by Kilian Melloy

EDGE Staff Reporter

Friday April 29, 2016

'Dough'  (Source:Menemsha Films)

The ancient rivalry between the French and the British seems to be finding new life in a competition over who can make the funnier film about bakers lacing their product with cannabis.

That's to our advantage: "Dough" may have several of the same elements as the French comedy "Paulette," what with an elderly main character facing poverty, a mean neighborhood drug dealer, and elements of racism and anti-Muslim prejudice being common to both films, but the genre seems to have enough rom to accommodate both. "Dough" remains hot and fresh.

The baker in this case is Nat Dayan (Jonathan Pryce), who is struggling to keep his bakery -- a longtime family business -- operating. But times are tough: His son (Daniel Caltagirone) has no interest in the trade, and has gone off to become a lawyer; sales are stagnant; and a business rival named Cotton (Philip Davis) is laying schemes to acquire the bakery's storefront so that the grocery store next door can expand into the bakery's space. To that end he's encouraging the bakery's landlord, a widow named Joanna (Pauleen Collins), to entertain visions of selling off the property in order to move away and retire in style.

The very last straw comes when Cotton lures away Nat's assistant with the promise of a better-paying job -- something the young man needs now that he and his wife are expecting a child. How can Nat get by on his own? Stubbornly, the old man refuses to give up; then his cleaning lady proposes the idea that her son, Ayash (Jerome Holder), might take the job the old assistant has left.

All sorts of complications ensue, some of them because Nat's customers refuse to buy bread baked by a Muslim, but others arising from the fact that Ayash has also agreed to deal drugs for a fellow called Victor (Ian Hart). It's not that Ayash is evil; it's more that he's desperate and not sure how else he can earn money to help his mother with the family expenses. (Ayash's father is dead, killed by extremists in their home country, but his mother insists that he's merely been detained and will join them in England soon.) By the time the bakery job comes his way, Ayash is already involved with Victor.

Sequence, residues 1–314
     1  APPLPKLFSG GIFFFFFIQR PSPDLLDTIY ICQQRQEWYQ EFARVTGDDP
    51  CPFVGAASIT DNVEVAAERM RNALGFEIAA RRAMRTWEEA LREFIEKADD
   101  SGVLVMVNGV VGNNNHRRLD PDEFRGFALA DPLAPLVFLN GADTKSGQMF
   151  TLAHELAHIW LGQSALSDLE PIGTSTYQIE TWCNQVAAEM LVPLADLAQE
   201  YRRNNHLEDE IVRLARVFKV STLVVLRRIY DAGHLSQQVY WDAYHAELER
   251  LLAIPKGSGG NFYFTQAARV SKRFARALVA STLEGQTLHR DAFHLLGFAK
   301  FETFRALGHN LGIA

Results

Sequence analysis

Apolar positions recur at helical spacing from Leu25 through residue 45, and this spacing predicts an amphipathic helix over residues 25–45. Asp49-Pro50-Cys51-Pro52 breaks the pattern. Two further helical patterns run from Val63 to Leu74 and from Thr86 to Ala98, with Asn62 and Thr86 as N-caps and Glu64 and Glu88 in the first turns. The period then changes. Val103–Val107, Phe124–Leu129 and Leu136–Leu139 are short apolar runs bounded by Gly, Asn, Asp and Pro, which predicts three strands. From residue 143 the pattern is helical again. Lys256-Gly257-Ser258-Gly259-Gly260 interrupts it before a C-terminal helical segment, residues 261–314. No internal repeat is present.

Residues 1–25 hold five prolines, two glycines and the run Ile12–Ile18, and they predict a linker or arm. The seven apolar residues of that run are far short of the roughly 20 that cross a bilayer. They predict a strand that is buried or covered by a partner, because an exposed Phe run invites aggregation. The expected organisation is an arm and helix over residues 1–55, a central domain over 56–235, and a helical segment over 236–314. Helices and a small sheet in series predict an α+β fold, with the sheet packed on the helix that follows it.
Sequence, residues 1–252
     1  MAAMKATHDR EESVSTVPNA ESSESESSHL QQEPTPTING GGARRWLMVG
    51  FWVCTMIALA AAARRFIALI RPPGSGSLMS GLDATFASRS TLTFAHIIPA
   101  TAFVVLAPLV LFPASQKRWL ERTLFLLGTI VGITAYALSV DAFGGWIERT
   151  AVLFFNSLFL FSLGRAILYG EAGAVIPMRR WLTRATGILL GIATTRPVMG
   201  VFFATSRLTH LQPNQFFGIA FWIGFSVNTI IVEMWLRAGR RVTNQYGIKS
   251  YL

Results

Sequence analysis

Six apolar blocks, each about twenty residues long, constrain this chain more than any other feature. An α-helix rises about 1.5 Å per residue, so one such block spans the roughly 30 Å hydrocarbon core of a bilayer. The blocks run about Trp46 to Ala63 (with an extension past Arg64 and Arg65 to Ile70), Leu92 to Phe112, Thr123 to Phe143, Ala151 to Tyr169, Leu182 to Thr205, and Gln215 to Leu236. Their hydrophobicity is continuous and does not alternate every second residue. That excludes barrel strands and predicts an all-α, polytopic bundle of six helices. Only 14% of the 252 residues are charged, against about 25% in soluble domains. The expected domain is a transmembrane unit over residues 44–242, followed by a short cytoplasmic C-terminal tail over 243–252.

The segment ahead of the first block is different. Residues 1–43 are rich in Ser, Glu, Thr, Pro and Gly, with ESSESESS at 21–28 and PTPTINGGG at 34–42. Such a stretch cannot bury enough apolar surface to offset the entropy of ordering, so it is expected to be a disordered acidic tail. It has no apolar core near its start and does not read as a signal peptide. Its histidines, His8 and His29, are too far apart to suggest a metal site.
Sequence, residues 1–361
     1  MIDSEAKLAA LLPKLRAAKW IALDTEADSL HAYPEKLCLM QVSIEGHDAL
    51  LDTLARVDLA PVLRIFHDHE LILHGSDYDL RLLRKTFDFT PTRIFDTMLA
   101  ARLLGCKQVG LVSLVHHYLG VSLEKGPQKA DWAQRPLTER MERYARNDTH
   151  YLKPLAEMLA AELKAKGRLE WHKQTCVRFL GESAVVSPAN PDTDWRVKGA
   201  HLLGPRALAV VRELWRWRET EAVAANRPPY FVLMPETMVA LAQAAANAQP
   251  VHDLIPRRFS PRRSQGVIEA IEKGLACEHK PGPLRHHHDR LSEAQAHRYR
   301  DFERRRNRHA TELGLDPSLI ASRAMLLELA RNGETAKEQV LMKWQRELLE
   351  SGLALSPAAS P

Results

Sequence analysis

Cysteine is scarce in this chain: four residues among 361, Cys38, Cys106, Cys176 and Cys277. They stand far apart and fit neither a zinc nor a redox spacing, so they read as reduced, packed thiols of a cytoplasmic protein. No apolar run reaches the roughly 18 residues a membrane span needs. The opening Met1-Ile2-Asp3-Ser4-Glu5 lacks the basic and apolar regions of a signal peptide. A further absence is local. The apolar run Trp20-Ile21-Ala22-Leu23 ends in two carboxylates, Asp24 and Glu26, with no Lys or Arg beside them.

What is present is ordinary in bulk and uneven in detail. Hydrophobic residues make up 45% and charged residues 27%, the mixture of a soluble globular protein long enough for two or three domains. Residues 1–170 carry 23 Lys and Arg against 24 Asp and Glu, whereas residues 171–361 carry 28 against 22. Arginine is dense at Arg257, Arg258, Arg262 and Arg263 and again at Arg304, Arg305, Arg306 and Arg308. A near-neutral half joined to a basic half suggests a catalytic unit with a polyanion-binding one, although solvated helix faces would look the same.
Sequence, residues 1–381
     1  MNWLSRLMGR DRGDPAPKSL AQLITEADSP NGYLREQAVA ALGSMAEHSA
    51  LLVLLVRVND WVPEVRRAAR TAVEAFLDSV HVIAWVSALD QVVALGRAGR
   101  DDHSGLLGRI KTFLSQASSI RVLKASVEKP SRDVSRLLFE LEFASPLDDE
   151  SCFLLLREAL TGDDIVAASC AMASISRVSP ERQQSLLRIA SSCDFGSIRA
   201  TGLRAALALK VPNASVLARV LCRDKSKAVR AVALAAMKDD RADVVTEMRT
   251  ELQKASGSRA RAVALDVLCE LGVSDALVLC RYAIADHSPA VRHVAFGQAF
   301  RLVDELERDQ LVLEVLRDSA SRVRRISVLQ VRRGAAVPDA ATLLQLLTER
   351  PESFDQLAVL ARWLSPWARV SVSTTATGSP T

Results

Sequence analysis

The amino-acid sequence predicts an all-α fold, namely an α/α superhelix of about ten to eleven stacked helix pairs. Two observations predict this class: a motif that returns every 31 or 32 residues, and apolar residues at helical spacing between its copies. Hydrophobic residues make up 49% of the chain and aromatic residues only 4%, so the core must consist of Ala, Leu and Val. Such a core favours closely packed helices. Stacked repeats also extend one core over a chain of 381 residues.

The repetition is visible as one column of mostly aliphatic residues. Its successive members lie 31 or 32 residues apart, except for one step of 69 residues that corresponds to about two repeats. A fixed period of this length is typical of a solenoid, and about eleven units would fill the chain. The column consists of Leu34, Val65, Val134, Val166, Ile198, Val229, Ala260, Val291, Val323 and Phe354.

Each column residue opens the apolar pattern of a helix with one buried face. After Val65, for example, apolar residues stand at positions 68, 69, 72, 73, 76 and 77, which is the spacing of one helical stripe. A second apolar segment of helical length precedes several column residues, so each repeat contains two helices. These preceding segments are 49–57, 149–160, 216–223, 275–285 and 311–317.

But -- and here's where "Dough" and "Paulette" converge -- when Ayash adds his wares to the bakery's product, the result is economic magic: Soon he's selling "special" treats to select customers, and business is booming both for the bakery and for Victor.

The film glosses over some things that are a little too uncomfortable to bear close scrutiny. The temple that dropped the bakery's services once Ayash started work there resumes its custom with no little eagerness, happy about the heavenly challah bread Nat's assistant is so good at baking; a family dinner becomes lively, with everyone at the table -- including Nat's young granddaughter -- having an uproariously good time. (The family attribute their fun to a new brand of wine.)

Questions aside as to the suitability of such secular, adult treats when it comes to religious communities and children, the film rattles along deftly, tracing its obvious story arcs with verve and humor. You know, of course, that either the law or Victor -- or both -- are going to crash the party, but you don't know just how. You also know that the vile Cotton, with his shark's grin, is circling, looking for a vulnerability to exploit, and Joanna is pining for something more than a sunny place to live out her golden years, and she has her eye on Nat. Exactly how all those things resolve who't exactly surprise you, but you're still more likely than not to come away with a smile.


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Kilian Melloy serves as EDGE Media Network's Associate Arts Editor and Staff Contributor. His professional memberships include the National Lesbian & Gay Journalists Association, the Boston Online Film Critics Association, The Gay and Lesbian Entertainment Critics Association, and the Boston Theater Critics Association's Elliot Norton Awards Committee.